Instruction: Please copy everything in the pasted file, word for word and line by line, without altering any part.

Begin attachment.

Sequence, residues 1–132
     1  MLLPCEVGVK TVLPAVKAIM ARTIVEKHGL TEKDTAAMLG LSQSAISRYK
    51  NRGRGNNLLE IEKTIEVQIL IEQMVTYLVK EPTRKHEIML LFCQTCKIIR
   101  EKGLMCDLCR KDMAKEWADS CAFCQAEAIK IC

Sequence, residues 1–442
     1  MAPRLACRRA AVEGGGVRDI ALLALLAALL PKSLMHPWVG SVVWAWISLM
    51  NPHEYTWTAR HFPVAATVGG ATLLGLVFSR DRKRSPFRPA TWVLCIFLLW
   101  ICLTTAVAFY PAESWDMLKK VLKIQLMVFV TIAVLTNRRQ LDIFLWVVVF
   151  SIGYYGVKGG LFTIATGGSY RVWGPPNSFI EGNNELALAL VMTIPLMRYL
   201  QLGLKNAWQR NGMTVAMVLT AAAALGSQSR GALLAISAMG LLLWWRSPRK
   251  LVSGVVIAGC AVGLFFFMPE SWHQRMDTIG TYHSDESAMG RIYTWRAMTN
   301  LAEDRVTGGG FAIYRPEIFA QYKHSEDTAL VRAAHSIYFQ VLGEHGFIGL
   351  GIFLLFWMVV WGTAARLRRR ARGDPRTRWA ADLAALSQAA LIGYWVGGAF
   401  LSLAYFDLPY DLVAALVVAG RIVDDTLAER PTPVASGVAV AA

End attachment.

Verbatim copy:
Sequence, residues 1–132
     1  MLLPCEVGVK TVLPAVKAIM ARTIVEKHGL TEKDTAAMLG LSQSAISRYK
    51  NRGRGNNLLE IEKTIEVQIL IEQMVTYLVK EPTRKHEIML LFCQTCKIIR
   101  EKGLMCDLCR KDMAKEWADS CAFCQAEAIK IC

Sequence, residues 1–442
     1  MAPRLACRRA AVEGGGVRDI ALLALLAALL PKSLMHPWVG SVVWAWISLM
    51  NPHEYTWTAR HFPVAATVGG ATLLGLVFSR DRKRSPFRPA TWVLCIFLLW
   101  ICLTTAVAFY PAESWDMLKK VLKIQLMVFV TIAVLTNRRQ LDIFLWVVVF
   151  SIGYYGVKGG LFTIATGGSY RVWGPPNSFI EGNNELALAL VMTIPLMRYL
   201  QLGLKNAWQR NGMTVAMVLT AAAALGSQSR GALLAISAMG LLLWWRSPRK
   251  LVSGVVIAGC AVGLFFFMPE SWHQRMDTIG TYHSDESAMG RIYTWRAMTN
   301  LAEDRVTGGG FAIYRPEIFA QYKHSEDTAL VRAAHSIYFQ VLGEHGFIGL
   351  GIFLLFWMVV WGTAARLRRR ARGDPRTRWA ADLAALSQAA LIGYWVGGAF
   401  LSLAYFDLPY DLVAALVVAG RIVDDTLAER PTPVASGVAV AA